Apple may tap Google to fulfill its AI dreams

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By Alex Wilhelm

Monday, March 18, 2024

Welcome to TechCrunch AM! Today we have good news for the open-source AI community, a potential tie-up between Apple and Google, the future of Box and online content management, a startup turning algae into protein, and why gaming is coming to LinkedIn. Happy Monday!


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TechCrunch Top 3

  1. X mostly open-sources Grok: As promised, the source code for X’s AI model, Grok, was made available for free over the weekend, with a few caveats. TechCrunch notes a dearth of training code, and also a lack of the connections that Grok has to X itself. Still, this is another step forward for open-source AI development, which some consider critical for the speed at which we develop new, and better artificial intelligence models.
  2. India backtracks on AI regulation: After saying AI companies would need to get government approval before launching their AI models in the country, India's Ministry of Electronics and IT has backstepped. AI companies are now expected to "label under-tested and unreliable AI models to inform users of their potential fallibility or unreliability," TechCrunch reports. That's a far lighter approach to regulation, and likely to be good news for India's AI startups.
  3. Apple could tap Google's Gemini for iPhone AI: Despite some public flubs, Google's Gemini AI model could find purchase in Apple's kingdom, forging another link between the mega-cap tech giants. Bloomberg also notes that Apple has spoken to OpenAI, so don't consider this goose fully cooked. Instead, I wonder why Apple is considering licensing another company's AI models at all?
TechCrunch Top 3 image

Image Credits: Jaap Arriens/NurPhoto / Getty Images

Morning must-reads

Zone raises $8.5M for blockchain-enabled payment infrastructure: Nigerian fintech company AppZone, known for its banking software, in 2022 split into two parts to focus separately on new blockchain tech and its traditional SaaS products. Now, its blockchain-focused arm, Zone, has landed fresh capital to build interoperable payment infrastructure. You could call this a more serious crypto round, though I think the fintech tag fits better than anything related to web3.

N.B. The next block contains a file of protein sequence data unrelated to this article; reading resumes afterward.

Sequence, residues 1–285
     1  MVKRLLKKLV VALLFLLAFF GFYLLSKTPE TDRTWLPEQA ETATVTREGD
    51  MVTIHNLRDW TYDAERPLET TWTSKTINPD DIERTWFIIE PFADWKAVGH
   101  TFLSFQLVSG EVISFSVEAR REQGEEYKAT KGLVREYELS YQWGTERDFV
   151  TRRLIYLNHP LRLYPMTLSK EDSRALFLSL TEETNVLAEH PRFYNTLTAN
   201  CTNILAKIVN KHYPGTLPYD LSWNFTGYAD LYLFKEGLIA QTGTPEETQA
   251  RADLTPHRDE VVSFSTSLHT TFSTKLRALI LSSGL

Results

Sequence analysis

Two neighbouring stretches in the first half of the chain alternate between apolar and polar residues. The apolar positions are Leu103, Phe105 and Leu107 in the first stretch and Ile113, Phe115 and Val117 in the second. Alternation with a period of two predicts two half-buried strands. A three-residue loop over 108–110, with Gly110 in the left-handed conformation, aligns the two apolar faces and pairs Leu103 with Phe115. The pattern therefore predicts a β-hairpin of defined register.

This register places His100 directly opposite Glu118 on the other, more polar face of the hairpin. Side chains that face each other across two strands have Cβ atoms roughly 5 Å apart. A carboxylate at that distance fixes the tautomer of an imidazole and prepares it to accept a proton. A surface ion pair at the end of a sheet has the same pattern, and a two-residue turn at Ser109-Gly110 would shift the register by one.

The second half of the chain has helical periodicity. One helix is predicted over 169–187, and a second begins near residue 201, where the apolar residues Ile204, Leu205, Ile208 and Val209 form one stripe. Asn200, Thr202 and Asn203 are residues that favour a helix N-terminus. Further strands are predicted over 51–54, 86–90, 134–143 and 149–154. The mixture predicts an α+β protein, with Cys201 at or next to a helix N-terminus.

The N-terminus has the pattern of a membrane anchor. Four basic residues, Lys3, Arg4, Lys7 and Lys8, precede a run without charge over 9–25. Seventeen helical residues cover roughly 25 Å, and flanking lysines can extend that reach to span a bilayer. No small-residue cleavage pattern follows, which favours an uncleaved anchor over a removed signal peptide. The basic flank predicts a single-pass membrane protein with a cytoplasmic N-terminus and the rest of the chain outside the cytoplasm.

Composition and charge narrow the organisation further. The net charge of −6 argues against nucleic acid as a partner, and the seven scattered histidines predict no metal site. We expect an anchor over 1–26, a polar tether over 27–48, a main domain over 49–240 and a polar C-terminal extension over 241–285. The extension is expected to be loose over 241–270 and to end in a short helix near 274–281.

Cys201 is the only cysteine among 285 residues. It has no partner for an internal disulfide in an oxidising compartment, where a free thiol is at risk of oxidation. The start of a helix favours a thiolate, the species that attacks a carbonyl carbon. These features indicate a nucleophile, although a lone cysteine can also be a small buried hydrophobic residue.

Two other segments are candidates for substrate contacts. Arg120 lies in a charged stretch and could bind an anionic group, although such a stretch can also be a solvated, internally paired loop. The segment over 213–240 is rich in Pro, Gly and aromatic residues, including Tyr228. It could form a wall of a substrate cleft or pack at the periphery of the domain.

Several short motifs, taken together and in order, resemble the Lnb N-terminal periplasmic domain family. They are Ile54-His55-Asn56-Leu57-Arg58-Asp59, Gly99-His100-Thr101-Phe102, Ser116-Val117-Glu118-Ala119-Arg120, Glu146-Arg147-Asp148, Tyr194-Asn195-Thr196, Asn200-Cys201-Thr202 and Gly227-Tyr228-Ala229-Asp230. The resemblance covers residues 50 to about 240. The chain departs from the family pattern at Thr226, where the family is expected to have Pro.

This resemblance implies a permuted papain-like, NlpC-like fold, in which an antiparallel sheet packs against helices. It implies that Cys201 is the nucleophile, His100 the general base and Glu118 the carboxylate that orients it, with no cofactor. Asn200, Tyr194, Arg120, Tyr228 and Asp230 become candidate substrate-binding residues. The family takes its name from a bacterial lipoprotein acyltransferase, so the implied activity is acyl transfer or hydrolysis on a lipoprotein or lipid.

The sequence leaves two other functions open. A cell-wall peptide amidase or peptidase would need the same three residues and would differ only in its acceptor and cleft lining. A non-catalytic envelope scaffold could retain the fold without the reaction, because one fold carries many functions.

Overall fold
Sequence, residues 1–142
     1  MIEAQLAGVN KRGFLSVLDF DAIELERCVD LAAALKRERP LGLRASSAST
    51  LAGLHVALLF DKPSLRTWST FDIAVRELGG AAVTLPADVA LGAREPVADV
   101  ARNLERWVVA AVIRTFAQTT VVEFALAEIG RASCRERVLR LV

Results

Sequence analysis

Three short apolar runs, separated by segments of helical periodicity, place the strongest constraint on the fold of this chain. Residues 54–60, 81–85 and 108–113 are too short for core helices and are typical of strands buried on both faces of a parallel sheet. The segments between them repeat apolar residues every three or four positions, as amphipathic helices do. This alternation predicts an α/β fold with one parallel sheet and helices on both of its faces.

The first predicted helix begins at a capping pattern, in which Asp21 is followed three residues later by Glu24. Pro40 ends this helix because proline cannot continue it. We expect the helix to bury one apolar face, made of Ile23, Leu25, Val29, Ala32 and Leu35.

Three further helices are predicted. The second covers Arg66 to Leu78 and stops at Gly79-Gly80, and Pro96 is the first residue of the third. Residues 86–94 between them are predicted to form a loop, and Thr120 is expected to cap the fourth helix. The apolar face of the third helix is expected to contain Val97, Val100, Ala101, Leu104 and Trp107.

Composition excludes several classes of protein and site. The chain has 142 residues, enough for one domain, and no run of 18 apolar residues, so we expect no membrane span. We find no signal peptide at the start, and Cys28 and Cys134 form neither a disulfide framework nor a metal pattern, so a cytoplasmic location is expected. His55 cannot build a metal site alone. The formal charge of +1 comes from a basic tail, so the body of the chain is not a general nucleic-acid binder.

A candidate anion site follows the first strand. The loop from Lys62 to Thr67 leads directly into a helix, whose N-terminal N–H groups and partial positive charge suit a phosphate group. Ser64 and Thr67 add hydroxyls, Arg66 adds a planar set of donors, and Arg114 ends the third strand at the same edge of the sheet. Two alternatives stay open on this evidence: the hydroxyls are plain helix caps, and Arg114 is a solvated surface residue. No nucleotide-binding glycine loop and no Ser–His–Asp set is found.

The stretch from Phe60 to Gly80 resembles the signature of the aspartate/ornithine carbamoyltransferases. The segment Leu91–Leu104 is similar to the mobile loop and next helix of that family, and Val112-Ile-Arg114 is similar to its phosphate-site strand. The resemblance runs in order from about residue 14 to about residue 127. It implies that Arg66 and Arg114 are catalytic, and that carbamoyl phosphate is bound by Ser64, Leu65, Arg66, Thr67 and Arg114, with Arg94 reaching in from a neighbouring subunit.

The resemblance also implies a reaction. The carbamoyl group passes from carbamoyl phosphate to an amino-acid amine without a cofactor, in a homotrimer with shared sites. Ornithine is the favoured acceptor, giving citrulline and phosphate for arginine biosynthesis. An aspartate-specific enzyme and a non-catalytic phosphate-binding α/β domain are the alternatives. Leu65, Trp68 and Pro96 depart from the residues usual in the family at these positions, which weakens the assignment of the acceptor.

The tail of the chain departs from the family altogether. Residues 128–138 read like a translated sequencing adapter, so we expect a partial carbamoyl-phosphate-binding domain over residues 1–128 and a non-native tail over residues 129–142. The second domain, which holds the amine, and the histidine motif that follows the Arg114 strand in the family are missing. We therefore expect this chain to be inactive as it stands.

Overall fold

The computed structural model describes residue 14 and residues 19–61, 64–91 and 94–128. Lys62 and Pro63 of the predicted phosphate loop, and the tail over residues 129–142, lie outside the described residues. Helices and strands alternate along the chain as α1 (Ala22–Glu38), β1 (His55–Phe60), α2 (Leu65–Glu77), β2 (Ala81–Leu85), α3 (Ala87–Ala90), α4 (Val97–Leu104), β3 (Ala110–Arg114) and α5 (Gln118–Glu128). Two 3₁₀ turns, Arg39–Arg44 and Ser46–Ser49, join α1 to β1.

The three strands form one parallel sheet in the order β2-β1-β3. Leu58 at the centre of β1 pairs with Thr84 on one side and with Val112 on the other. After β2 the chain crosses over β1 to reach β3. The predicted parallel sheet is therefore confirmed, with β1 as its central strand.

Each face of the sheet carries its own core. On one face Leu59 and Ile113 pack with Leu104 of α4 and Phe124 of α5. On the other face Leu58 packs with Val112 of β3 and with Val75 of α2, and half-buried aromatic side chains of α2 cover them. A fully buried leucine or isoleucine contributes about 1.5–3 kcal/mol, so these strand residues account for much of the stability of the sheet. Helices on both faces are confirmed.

How GitHub is handling the AI era: Microsoft's code repository and developer tool GitHub is no stranger to legal tussles. After all, access to GitHub is not guaranteed around the world, something that it has to both advocate for and defend. But with the AI wave crashing onto tech's shores lately, how is GitHub handling the various thorny legal issues cropping up? We spoke with the company's chief legal officer, Shelley McKinley, to learn more.

Aaron Levie's Box fights for its third era: Box was once a startup darling, but ever since it went public, the ECM giant has had quite the tumultuous journey. But thanks to its endless perseverance, a willingness to shake up its product offering, and tactical acquisitions, Box is today clocking over $1 billion in annual recurring revenue. The company is now planning its third major iteration, which, of course, involves AI.

Starbucks bids adieu to its blockchain experiment: U.S.-based coffee giant Starbucks is dropping its NFT program. TechCrunch recently interviewed the team behind the effort, so we have excellent recent context. The decision is a blow to those hopeful that crypto would cross over to the mainstream, as Starbucks' validation of web3 was a big deal for the space. However, it seems that brew and blockchain aren't a match made in heaven.

Morning must-reads image

Image Credits: Zone

Don't miss these

  1. Gumroad pulls back on NSFW art, potentially forcing some of its creators to take their custom to a rival platform.
  2. Tribe Capital spin-out Termina wants to remake investing, and is making some big claims about the power of its data service.
  3. Poseidona, a Spanish startup, wants to yank irksome algae from the sea and turn it into consumable protein.

Before you go

LinkedIn is working to bring gaming to its platform: Because every online platform eventually grows to resemble every other platform, right? Best known for its job portal, recruiting tools, and people spouting endless advice, LinkedIn is now working on several gaming titles. Everyone wants to be the New York Times, it turns out. Remember when every online platform wanted to add "stories"? Gaming could be the next thing you cannot avoid online.

Before you go image

Image Credits: LinkedIn China via Weibo

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